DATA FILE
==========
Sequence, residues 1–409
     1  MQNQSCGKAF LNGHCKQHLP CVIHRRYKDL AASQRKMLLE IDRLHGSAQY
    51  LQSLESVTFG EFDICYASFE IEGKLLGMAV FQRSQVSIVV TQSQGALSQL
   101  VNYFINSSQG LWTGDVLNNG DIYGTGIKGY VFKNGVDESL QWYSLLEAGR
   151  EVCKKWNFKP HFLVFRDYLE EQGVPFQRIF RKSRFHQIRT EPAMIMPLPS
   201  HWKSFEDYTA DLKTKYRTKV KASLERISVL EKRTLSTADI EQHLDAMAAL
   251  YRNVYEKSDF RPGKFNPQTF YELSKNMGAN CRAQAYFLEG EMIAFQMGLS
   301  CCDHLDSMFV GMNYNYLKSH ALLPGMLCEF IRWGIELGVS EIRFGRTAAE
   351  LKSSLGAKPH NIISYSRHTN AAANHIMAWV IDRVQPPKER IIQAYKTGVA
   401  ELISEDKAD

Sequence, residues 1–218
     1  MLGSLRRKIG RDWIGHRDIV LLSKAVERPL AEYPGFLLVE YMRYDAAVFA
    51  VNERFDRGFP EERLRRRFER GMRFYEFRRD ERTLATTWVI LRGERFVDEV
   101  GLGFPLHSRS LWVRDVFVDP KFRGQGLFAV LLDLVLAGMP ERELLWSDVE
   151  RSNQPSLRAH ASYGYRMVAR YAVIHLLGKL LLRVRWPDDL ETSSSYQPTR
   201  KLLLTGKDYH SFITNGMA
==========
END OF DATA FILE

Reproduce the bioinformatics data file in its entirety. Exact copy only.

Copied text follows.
Sequence, residues 1–409
     1  MQNQSCGKAF LNGHCKQHLP CVIHRRYKDL AASQRKMLLE IDRLHGSAQY
    51  LQSLESVTFG EFDICYASFE IEGKLLGMAV FQRSQVSIVV TQSQGALSQL
   101  VNYFINSSQG LWTGDVLNNG DIYGTGIKGY VFKNGVDESL QWYSLLEAGR
   151  EVCKKWNFKP HFLVFRDYLE EQGVPFQRIF RKSRFHQIRT EPAMIMPLPS
   201  HWKSFEDYTA DLKTKYRTKV KASLERISVL EKRTLSTADI EQHLDAMAAL
   251  YRNVYEKSDF RPGKFNPQTF YELSKNMGAN CRAQAYFLEG EMIAFQMGLS
   301  CCDHLDSMFV GMNYNYLKSH ALLPGMLCEF IRWGIELGVS EIRFGRTAAE
   351  LKSSLGAKPH NIISYSRHTN AAANHIMAWV IDRVQPPKER IIQAYKTGVA
   401  ELISEDKAD

Sequence, residues 1–218
     1  MLGSLRRKIG RDWIGHRDIV LLSKAVERPL AEYPGFLLVE YMRYDAAVFA
    51  VNERFDRGFP EERLRRRFER GMRFYEFRRD ERTLATTWVI LRGERFVDEV
   101  GLGFPLHSRS LWVRDVFVDP KFRGQGLFAV LLDLVLAGMP ERELLWSDVE
   151  RSNQPSLRAH ASYGYRMVAR YAVIHLLGKL LLRVRWPDDL ETSSSYQPTR
   201  KLLLTGKDYH SFITNGMA